Are these the 30 best classic cars of all time? – autoweek.com | Car Plazas

That should settle all disputes.

What is the greatest classic car in the world? The debate has raged since the first Ford hit the first Winton. And it’s still raging. But there are now some scientific analyzes to clarify the question. An insurance website in the UK has compiled a list. The oddly-named Confused.com — a financial services platform that primarily compares insurance rates for all sorts of things, including cars — has compiled some stats to help answer the question.

By comparing the rarity, the number of Google searches and the amount of increase in value over the last two years, Confused made it clear: the winner is… the Lamborghini Miura!

Clap clap clap…

The twin-turbo V8 Ferrari F40 was second on the list.

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Here’s the thought: Lamborghini only made 764 Miuras from 1966 to 1973, so they’re rare. The number of Google searches for “Miura” is 1,461,000 annually. And the value from May 2019 to the “current average value” has increased from $925,000 to $1,850,000 or 100 percent. Feed that into Confused.com’s algorithm and you get a Classic Car Score of 8.58 out of 10, which is the highest score in the study.

Second highest selling car is the Ferrari F40 with 4,081,000 Google searches, 1,311 ever done, and increasing in value from $1,300,000 to $2,600,000 or 100 percent, giving it a score of 8.51.

Third was the Ferrari GTO with 1,545,000 Googles, a total circulation of just 36 and increasing in value from $68,750,000 in May 2019 to $70 million now, or just 1.8 percent more. That’s good for a score of 7.89.

The Ferrari 250 GTO shown here at Goodwood was third on the list.

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Does this criterion make sense? Does this methodology make sense? Aren’t you amused? Then just start your own top 10 list! The method seems to be crossing some demographics, from wealthy buyers who are probably quite old and can shell out millions for a collector’s car, to very young buyers who aren’t old and don’t have any money at all but have internet access so they google it the cars they love and desire. Balancing these two variables are production figures.

The list goes on for 30 spots – 30 cars that captured the imagination of actual buyers or raised the hopes of the discerning. Some you would never guess would be on a list of the greatest collectible cars in the world, for example the Citroën 2CV. Citroën made 3.8 million of these small air-cooled twins from 1948 to 1990, but the car received almost 800,000 Google searches and its value increased by about a third. This puts the 2CV in 29th place on the list.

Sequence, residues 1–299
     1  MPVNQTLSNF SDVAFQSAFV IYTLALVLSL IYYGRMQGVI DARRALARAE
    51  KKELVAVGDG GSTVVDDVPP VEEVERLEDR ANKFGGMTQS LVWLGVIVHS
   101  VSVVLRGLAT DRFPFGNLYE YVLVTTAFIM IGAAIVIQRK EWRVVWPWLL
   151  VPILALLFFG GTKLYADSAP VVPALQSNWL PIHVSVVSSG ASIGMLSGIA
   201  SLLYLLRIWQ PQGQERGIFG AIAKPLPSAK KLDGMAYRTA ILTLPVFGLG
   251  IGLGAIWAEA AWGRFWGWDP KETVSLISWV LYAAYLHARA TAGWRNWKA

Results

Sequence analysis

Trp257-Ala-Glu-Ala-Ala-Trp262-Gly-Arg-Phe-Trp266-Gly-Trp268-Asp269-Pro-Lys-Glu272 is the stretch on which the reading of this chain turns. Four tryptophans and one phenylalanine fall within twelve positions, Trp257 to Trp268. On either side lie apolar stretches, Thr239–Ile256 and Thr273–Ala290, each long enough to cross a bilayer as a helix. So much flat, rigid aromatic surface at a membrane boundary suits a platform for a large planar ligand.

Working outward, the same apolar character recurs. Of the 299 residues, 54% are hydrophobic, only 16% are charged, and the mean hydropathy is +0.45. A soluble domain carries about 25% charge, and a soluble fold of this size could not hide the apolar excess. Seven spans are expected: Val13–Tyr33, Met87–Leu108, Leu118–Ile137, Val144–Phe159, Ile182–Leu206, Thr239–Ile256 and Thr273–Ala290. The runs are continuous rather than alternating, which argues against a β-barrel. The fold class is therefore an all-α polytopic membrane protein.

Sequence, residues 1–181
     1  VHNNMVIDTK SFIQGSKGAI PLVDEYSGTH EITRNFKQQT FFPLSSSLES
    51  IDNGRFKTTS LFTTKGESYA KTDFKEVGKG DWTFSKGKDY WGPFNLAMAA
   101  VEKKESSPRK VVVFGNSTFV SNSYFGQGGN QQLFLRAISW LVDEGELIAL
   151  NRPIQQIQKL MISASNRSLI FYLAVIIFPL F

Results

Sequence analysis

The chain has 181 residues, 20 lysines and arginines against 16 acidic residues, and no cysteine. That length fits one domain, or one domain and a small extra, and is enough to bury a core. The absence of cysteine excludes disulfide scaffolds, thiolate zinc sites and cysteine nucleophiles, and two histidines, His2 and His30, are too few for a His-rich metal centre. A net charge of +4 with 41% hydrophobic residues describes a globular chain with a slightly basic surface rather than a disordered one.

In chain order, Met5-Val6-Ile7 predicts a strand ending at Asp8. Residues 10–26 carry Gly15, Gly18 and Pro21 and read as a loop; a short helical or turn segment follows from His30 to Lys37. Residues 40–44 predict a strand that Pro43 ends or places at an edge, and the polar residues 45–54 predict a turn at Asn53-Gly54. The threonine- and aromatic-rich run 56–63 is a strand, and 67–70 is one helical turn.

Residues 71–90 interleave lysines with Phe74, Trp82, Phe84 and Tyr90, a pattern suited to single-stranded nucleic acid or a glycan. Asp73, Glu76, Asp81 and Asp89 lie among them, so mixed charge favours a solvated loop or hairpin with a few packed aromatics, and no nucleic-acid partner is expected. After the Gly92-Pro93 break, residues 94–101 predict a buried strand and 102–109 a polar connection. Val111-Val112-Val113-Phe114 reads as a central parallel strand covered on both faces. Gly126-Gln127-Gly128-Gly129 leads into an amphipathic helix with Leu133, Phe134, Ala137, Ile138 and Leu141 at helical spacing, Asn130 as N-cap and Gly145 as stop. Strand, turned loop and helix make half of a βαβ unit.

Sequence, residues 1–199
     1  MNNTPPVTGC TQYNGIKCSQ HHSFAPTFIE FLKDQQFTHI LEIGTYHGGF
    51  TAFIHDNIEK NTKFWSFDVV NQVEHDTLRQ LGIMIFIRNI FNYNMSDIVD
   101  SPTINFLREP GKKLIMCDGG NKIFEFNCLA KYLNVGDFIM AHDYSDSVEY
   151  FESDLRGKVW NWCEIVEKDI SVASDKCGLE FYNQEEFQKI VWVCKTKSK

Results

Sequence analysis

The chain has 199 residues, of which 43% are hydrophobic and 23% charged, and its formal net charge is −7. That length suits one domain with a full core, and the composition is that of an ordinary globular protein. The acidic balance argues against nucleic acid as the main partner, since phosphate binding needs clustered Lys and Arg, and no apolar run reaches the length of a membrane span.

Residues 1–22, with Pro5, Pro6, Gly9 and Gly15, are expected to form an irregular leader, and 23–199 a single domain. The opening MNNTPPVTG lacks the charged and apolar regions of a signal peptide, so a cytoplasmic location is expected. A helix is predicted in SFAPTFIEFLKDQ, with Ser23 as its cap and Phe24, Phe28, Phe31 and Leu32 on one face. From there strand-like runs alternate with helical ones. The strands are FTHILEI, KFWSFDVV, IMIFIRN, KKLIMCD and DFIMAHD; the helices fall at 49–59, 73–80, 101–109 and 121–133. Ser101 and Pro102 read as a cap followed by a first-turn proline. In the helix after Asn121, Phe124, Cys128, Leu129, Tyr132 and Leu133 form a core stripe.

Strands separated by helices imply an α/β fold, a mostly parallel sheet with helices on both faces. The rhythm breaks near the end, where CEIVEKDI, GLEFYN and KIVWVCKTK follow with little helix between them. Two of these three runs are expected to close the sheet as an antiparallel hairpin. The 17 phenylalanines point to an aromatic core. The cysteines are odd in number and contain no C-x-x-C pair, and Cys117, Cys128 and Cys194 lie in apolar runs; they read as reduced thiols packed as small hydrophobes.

Some cars were surprising to find on the list, such as the Citroën 2CV, which ended up at number 29.

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Likewise, the Pontiac Firebird — which you probably have one of which has a “parts for sale” sign on your lawn — ranked 27th on Confused.com’s list, which is confusing indeed, especially since Confused.com only lists 697 under “number produced”, which is likely the number imported into the UK. We in the States are swimming in Firebirds, with GM making hundreds of thousands of these things over four generations. But the “bird” has been googled 2.3 million times, the same number of times as the Lamborghini Diablo, which is 24th on the list.

Others near the top make more sense. Number 4 is the AC Cobra, which is on par with the Lamborghini Countach. However, number six is ​​the Datsun 240Z, ahead of the Bugatti EB 110, the latter sharing 7th place with the Lancia Stratos. So you can see that the list is sometimes, but not always, skewed by the number of these cars that actually made their way to the UK. Datsun brought about 160,000 Datsun 240Zs to America alone, but only 543 are shown in the UK, disrupting the logic in that one count. That explains the Plymouth Superbird in 9th place ahead of the Jaguar E-Type, which sits in 10th place with the Nissan Skyline GT-R.

The list goes on: Toyota 2000GT at number 12 on the list, followed by BMW M1, Mercedes-Benz 300 SL, Aston Martin DB5, Ferrari 512 BB, followed by Testarossa, Jag D-Type, Porsche 550, Ferrari 308 and further down to the Plymouth Roadrunner in the 30th

Check out the gallery to see the entire list. It is neither a perfect summation nor an error-free assignment of values. But it’s fun to look around. So look. And start arguing in the comments section below — or better yet, give us your list.

Let the debates begin! Are they actually the greatest classic cars of all time? Or is it a bunch of Bunkum. Let us know what your list would look like in the comments below.

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